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Want to Quit Your Job But Can’t?

Do you want to quit your job but you can’t afford to?

“Workers work hard enough to not be fired, and owners pay just enough so that workers won’t quit.”
― Robert T. Kiyosaki, Rich Dad, Poor Dad

We were in the province this past Wednesday to commemorate the death of my in-laws.  Friends and family came to pay their respect and join us in remembering the life and times of the loved ones we lost on the that fateful night of December 17, 2012.

While we were there, one of my wife’s nieces approached me and asked for some career advice.  According to her, she is on the brink of quitting for a number of reasons.  She cited lack of appreciation, company policies, and culture as her primary reasons for considering the exit option.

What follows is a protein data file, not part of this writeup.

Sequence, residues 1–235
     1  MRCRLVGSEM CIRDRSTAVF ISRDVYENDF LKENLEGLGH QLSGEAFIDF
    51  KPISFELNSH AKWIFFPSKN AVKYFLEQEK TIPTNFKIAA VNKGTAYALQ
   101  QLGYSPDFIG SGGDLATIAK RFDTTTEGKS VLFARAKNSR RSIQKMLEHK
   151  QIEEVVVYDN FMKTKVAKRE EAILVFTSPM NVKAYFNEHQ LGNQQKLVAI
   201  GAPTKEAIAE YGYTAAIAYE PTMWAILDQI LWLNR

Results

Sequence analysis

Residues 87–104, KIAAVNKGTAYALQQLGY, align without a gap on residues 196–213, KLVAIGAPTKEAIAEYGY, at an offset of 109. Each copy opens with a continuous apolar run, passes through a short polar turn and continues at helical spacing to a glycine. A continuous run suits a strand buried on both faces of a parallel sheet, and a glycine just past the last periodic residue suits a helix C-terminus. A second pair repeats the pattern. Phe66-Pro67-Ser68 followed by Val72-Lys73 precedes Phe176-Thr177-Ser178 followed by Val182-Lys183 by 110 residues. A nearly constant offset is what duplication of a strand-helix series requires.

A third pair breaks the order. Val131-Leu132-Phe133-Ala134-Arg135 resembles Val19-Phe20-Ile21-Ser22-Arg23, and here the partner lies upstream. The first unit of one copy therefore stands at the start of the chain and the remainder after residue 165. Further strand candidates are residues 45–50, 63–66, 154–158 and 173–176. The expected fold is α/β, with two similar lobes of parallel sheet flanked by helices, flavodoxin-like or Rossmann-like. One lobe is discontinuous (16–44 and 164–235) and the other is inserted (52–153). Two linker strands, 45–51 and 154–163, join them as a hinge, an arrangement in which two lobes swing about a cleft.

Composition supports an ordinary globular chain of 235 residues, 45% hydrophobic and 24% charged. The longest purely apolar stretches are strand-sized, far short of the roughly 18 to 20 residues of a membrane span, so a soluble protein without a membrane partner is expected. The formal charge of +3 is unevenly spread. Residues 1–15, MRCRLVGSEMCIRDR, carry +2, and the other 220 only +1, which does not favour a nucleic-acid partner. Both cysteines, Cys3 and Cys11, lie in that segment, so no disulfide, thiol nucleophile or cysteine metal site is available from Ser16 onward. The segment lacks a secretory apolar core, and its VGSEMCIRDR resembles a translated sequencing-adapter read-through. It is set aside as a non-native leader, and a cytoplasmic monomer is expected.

I felt her pain and can identify with her situation because I’ve been in that same boat several times in my fifteen-year career.  Unfortunately for her, she can’t afford to leave because she hasn’t found a new job to jump to.

I completely understand what she’s going through.  She feels trapped and she can’t do anything about the situation even if deep inside, she couldn’t wait to quit if given the chance.  We’ve all been there and it really sucks doesn’t it?

Whenever someone comes to me for advice on this kind of situation, I can’t help but remember this time when I saw a mice trapped in our kitchen sink.  The sink was too deep and the poor rodent, as resilient as they may be, can’t jump or climb out of it no matter what it did.

What do we do in situations like this?  How can we survive, and eventually get ourselves loose from this trap?

Be Smart and Don’t Let Your Emotions Get the Best of You

If you have a wife and kids to feed, you can’t afford to quit your job that easily.  While it is important to be able to find happiness in what you do, you also have to weigh your priorities.  You have to be smart about it too so don’t quit if you haven’t found a new job to transfer to no matter how long it takes.  Even if you’re single, you need a steady income to sustain your needs and quitting without a replacement job is not a wise decision.